Published on 17 Nov 2011 Sections

Airline call to scrap duty a ‘smokescreen’

Four UK and Irish airline bosses urge the government to end Air Passenger Duty tax on passengers saying it has a negative impact on the UK economy. But critics say the move is a ‘smokescreen’.

British Airways (Getty)

Ryanair, EasyJet, Virgin Atlantic, and British Airways wrote a letter to Chancellor George Osborne urging him not to raise Air Passenger Duty (APD) on November 29, when he presents his autumn budget statement.

They claim the UK already has the highest aviation taxes in the world, and estimate the tax brings in £2bn revenue for the coalition government.

Carriers currently pay APD on a per-passenger basis with the tariff from £24 to £170 depending on how far the destination is from London.

Aviation and growth

The airlines said the tax, which was introduced in 1994 to combat greenhouse gas emissions, would be “unsustainable” after the introduction of the carbon cap and trade EU Emission-Trading System (ETS) from next year.

A spokesman for the International Air Transport Association, Chris Goater, told Channel 4 News that the ETS would mean an extra 1bn euros in costs to a fragile UK industry next year.

He said he understood that the aviation industry had to “pay its way”, but that costs at tax were already too high at a time when airline profit margins are too low.

“We’re not expecting tax to disappear overnight and we understand this is a time of austerity. But the industry is operating on incredibly thin profit margins and this tax is highest in the world.”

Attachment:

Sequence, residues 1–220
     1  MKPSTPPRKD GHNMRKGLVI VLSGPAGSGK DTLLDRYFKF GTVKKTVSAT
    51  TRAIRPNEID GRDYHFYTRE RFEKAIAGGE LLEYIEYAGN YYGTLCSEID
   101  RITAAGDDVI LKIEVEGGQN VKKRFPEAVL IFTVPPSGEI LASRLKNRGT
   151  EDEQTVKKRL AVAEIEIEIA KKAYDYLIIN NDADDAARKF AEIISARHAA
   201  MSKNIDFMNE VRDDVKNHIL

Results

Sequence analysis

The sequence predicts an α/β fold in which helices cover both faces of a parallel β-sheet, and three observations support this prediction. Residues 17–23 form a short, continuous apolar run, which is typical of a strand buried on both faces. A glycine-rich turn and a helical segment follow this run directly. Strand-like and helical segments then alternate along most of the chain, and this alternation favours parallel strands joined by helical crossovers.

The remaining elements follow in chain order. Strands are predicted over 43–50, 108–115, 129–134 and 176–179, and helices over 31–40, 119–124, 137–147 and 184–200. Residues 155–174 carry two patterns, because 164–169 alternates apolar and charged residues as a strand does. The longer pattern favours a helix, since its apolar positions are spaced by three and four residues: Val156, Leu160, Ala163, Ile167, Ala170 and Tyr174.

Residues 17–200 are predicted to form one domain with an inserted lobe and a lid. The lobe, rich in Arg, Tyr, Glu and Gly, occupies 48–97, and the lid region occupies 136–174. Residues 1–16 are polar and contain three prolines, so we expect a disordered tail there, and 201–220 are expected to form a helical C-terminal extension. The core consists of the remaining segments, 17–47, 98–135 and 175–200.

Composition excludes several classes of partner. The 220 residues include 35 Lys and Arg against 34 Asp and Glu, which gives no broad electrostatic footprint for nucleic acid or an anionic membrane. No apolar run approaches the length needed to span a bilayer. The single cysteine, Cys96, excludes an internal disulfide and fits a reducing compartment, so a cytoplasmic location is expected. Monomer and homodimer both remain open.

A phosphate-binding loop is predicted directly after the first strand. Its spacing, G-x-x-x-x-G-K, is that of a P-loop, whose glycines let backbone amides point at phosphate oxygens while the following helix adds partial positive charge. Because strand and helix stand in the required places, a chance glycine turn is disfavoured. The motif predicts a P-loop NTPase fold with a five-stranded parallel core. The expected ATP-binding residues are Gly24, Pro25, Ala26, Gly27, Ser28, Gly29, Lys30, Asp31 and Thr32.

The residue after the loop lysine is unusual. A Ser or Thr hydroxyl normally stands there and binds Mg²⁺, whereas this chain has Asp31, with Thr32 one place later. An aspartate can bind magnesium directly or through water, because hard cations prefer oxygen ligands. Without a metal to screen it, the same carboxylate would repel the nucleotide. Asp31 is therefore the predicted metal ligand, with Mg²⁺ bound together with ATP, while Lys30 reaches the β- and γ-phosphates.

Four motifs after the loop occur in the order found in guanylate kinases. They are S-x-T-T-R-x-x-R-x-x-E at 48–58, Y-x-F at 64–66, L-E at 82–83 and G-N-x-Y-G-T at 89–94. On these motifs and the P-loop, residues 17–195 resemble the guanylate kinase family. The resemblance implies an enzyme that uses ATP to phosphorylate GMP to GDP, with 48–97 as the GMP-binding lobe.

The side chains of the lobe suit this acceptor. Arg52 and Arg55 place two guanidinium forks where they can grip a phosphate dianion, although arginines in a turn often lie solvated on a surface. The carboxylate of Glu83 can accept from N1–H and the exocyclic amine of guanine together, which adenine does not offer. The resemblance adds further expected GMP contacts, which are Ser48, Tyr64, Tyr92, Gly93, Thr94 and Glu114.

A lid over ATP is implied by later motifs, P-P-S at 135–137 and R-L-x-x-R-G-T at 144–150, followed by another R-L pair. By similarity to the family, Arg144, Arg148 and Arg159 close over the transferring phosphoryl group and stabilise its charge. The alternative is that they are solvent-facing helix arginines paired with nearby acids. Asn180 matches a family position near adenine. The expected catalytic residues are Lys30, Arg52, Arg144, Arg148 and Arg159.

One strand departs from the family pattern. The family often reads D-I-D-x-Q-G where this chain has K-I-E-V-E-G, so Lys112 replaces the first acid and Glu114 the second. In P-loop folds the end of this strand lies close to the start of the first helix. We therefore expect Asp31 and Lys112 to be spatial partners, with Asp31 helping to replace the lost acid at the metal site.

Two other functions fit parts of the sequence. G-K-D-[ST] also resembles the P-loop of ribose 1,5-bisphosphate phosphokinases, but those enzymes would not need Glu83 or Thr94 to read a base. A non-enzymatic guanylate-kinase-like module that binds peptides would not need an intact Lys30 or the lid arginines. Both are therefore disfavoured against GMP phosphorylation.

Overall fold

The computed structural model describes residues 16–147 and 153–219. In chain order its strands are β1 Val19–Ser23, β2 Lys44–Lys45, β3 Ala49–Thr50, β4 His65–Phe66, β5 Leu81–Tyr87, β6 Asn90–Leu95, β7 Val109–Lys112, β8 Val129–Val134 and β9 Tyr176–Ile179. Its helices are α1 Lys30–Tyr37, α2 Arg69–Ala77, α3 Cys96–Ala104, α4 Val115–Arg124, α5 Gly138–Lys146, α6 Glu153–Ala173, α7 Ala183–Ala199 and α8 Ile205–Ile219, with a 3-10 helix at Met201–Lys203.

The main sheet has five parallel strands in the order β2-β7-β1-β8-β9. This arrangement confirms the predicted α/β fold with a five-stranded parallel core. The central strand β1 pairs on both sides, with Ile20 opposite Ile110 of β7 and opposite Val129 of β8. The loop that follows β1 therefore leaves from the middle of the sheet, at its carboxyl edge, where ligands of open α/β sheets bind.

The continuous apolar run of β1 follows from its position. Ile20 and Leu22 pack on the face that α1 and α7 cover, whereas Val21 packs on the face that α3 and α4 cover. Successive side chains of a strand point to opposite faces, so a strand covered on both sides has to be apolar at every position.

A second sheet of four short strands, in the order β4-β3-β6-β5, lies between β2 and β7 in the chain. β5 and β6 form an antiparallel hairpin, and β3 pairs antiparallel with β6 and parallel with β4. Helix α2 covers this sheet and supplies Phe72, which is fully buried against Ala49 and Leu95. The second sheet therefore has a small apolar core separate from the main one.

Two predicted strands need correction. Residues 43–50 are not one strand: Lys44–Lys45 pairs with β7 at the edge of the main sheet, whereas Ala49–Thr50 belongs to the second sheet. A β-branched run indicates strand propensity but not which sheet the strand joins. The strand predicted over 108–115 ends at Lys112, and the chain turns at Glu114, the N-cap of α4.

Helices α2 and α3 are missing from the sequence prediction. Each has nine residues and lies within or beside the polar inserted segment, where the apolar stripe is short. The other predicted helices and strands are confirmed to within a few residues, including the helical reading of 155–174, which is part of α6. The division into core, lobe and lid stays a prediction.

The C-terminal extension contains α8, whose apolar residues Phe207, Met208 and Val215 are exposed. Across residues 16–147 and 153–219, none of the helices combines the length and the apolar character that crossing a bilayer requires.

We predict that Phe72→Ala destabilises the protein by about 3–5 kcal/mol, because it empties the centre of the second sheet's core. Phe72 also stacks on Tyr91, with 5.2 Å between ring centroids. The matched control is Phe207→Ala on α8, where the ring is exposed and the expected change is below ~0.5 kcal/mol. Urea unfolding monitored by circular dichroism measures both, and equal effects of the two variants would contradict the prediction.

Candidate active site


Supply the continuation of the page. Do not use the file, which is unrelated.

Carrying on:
He cited research from Oxford Economics that said the aviation industry supports 921 000 jobs and contributed £49.6bn, or 3.6 per cent, to the UK’s GDP.

Pleading poverty
Profits at airlines will drop by almost a third in 2012, according to the IATA. So what about the health of the four airlines calling for APD to be scrapped?
British Airways: In the first half of 2010 made a £425m profit from revenue of £8bn, a 5.3 per cent profit margin.
Ryanair: Made £319m profit in 2010, after bringing in £3bn in revenue. In the six months to Sept 2011, they reported £467m profit.
Easyjet: Lost £78m in 2010, but recovered in 2011 with half-year pre-tax profits standing at £248m.
Virgin Atlantic: Made £19m in pre-tax profits in the 2010-11 financial year, from a total revenue of £2.54bn.

‘A smokescreen’

The travel journalist Simon Calder told Channel 4 News said he believed the airline’s stance was a ‘smokescreen.’

“This is simple, they’re trying to stifle Air Passenger Duty by making such a fuss that next time they put up fares the public will blame the government.

“They want to make some more profit and there’s nothing wrong with that,” Mr Calder said.

Cait Hewitt, the Deputy Director of the Aviation Environment Federation, said a heavily subsidised and growing aviation industry should be properly taxed.

Read more: BA boss hits out at air passenger tax

“Like car travel, aviation imposes significant environmental costs on society in the form of greenhouse gas emissions, noise, and air pollution. But unlike car travel, airlines pay no fuel tax, and no VAT is levied on air tickets,” she told Channel 4 News.

“The effective subsidy of these exemptions is worth around £10 bn per year to the UK Treasury, according to Government estimates. Air Passenger Duty, by contrast, generates only £2 bn a year.

“In the UK, higher earners fly far more than those on low incomes – only 10% of the population taking 50% of all flights – so it is higher earners who benefit primarily from the sector’s tax breaks,” Ms Hewitt she continued.

She went on to describe additional measures such as the EU carbon cap and trade system – the ETS – as “essential.”

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